In this post I'll show you how 'Flowers for Algernon' is structured according to Plato's cave allegory and the divided line in the Republic.
I thank you for the lovely and thoughtful review of Plato at the Googleplex. I'm under a lot of time pressure right now, but I couldn't avoid answering your thoughtful questions. Please forgive the inadequacy of the too-brief answers. —Sincerely, Rebecca Newberger Goldstein
Fantastic work on the mathematical features of Plato’s Divided line over at Logos Con Carne——using ancient methods!
Recently my friend Tina, who writes the blog Diotima’s Ladder, asked me if I could help her with a diagram for her novel. (Apparently all the math posts I’ve written gave her ideas about my math and geometry skills!)
What she was looking for involved Plato’s Divided Line, an analogy from his runaway bestseller, the Republic (see her post Plato’s Divided Line and Cave Allegory for an explanation; I’m not going to go into it much here). The goal is a geometric diagram proving that the middle two segments (of four) must be equal in length.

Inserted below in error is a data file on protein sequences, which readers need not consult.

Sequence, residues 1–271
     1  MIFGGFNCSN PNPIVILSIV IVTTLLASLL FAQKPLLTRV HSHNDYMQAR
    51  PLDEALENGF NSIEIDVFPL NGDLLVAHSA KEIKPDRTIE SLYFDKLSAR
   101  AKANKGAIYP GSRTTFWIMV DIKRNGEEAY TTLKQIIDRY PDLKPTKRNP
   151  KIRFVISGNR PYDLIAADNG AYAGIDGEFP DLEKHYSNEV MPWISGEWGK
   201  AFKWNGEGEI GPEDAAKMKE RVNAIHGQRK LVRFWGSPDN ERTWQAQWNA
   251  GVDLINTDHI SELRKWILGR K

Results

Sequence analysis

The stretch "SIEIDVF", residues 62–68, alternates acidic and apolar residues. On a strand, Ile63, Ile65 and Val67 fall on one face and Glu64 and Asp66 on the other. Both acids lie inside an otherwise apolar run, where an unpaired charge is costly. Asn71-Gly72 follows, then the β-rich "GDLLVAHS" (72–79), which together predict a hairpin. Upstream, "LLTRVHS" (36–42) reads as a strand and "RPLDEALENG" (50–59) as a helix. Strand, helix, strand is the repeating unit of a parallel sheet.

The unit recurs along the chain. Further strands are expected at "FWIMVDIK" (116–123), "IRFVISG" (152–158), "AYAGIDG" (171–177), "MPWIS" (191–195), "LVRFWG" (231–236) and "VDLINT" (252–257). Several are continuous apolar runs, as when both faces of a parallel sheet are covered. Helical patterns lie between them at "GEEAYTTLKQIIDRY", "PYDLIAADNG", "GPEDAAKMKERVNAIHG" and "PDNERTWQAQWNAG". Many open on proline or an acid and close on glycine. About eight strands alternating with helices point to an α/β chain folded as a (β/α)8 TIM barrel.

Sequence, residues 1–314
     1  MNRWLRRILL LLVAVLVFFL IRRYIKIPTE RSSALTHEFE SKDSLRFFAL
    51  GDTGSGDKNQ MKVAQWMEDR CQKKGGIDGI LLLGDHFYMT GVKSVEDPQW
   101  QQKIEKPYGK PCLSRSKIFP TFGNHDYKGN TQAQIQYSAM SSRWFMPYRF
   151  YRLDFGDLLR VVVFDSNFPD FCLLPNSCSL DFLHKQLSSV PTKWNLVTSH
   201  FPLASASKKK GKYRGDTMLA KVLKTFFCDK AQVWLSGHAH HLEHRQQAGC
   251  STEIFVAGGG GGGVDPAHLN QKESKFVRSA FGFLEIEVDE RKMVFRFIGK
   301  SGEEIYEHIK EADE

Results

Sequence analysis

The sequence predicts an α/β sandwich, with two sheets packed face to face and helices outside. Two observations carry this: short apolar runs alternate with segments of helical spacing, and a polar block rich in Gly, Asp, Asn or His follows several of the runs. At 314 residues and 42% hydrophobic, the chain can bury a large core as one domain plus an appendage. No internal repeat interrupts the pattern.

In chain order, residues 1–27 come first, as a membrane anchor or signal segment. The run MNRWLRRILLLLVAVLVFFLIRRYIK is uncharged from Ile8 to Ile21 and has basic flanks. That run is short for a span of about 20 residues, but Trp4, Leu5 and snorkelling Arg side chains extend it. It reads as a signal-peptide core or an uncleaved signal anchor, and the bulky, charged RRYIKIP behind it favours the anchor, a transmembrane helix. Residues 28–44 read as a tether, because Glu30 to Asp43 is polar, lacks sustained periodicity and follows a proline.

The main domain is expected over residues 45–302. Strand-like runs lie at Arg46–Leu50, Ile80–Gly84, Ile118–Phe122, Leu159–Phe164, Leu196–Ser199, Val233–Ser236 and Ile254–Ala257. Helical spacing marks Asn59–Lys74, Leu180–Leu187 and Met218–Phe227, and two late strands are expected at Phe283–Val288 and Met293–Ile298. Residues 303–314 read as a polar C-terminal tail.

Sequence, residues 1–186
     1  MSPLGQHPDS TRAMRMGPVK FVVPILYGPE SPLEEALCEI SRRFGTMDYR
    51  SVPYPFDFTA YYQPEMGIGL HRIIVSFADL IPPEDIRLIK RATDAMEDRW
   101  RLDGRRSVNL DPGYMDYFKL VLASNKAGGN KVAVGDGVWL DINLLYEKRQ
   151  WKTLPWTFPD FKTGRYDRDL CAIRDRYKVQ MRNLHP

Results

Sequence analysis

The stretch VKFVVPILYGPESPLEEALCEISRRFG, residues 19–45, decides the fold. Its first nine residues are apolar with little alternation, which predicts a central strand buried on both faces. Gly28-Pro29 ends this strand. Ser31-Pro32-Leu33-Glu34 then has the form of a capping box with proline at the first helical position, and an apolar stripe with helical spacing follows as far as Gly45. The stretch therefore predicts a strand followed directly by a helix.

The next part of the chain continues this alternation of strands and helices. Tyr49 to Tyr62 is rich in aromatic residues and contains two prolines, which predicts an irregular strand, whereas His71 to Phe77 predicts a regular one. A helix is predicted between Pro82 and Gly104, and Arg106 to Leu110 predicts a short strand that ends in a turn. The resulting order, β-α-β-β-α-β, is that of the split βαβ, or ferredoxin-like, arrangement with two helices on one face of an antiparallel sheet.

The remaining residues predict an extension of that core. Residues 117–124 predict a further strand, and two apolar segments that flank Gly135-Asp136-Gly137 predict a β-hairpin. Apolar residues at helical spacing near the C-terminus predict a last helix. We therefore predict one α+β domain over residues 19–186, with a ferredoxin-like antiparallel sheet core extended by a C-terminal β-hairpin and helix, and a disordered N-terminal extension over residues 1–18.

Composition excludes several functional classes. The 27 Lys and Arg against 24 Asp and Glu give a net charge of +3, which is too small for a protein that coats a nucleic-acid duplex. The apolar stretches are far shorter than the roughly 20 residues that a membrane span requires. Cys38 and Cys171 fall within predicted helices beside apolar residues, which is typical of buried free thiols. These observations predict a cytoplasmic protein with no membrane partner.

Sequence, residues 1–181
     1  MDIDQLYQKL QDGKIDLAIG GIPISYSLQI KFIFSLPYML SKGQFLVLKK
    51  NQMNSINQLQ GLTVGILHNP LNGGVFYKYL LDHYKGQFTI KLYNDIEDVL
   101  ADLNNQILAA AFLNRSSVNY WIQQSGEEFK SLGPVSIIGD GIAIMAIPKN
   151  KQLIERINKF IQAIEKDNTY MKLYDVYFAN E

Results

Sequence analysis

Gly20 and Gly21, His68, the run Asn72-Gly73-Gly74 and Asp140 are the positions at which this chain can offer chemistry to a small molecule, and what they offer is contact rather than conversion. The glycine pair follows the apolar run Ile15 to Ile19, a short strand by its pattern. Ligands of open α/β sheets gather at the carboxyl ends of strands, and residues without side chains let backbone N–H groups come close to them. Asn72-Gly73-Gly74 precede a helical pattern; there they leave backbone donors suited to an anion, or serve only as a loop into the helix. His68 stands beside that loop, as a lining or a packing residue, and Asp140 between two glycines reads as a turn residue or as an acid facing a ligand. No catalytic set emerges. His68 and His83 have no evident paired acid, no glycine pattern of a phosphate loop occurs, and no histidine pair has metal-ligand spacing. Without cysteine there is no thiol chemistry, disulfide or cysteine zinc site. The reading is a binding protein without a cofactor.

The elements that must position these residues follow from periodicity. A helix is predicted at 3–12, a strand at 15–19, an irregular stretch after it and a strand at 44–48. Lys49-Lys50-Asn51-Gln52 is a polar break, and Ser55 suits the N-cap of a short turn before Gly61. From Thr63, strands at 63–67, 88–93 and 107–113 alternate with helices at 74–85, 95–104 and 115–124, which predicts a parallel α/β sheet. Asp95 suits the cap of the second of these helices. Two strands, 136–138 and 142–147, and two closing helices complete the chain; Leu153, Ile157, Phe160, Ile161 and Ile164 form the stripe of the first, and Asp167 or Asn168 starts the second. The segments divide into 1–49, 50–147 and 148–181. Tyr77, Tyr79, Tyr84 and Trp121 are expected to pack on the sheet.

This post explores and explains what I came up with.
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After all this time blogging, I can't believe I haven't written about Plato's divided line analogy, the cave allegory's sophisticated cousin. It's deep, it's mystifying, it's what makes The Republic The Republic. I don't plan to explain the divided line in a scholarly fashion—there's plenty of that kind of thing around. In other words, I'm … Continue reading Plato’s Divided Line and Cave Allegory
I have some good news to share—one of my short stories, An Unspeakable Life, got accepted for publication in an online magazine, After Dinner Conversation. I hear it will be coming out to subscribers on January 1st of 2022, and in the anthology possibly in September. And maybe, just maybe, a podcast discussion to follow. … Continue reading Philosophical Stories: After Dinner Conversation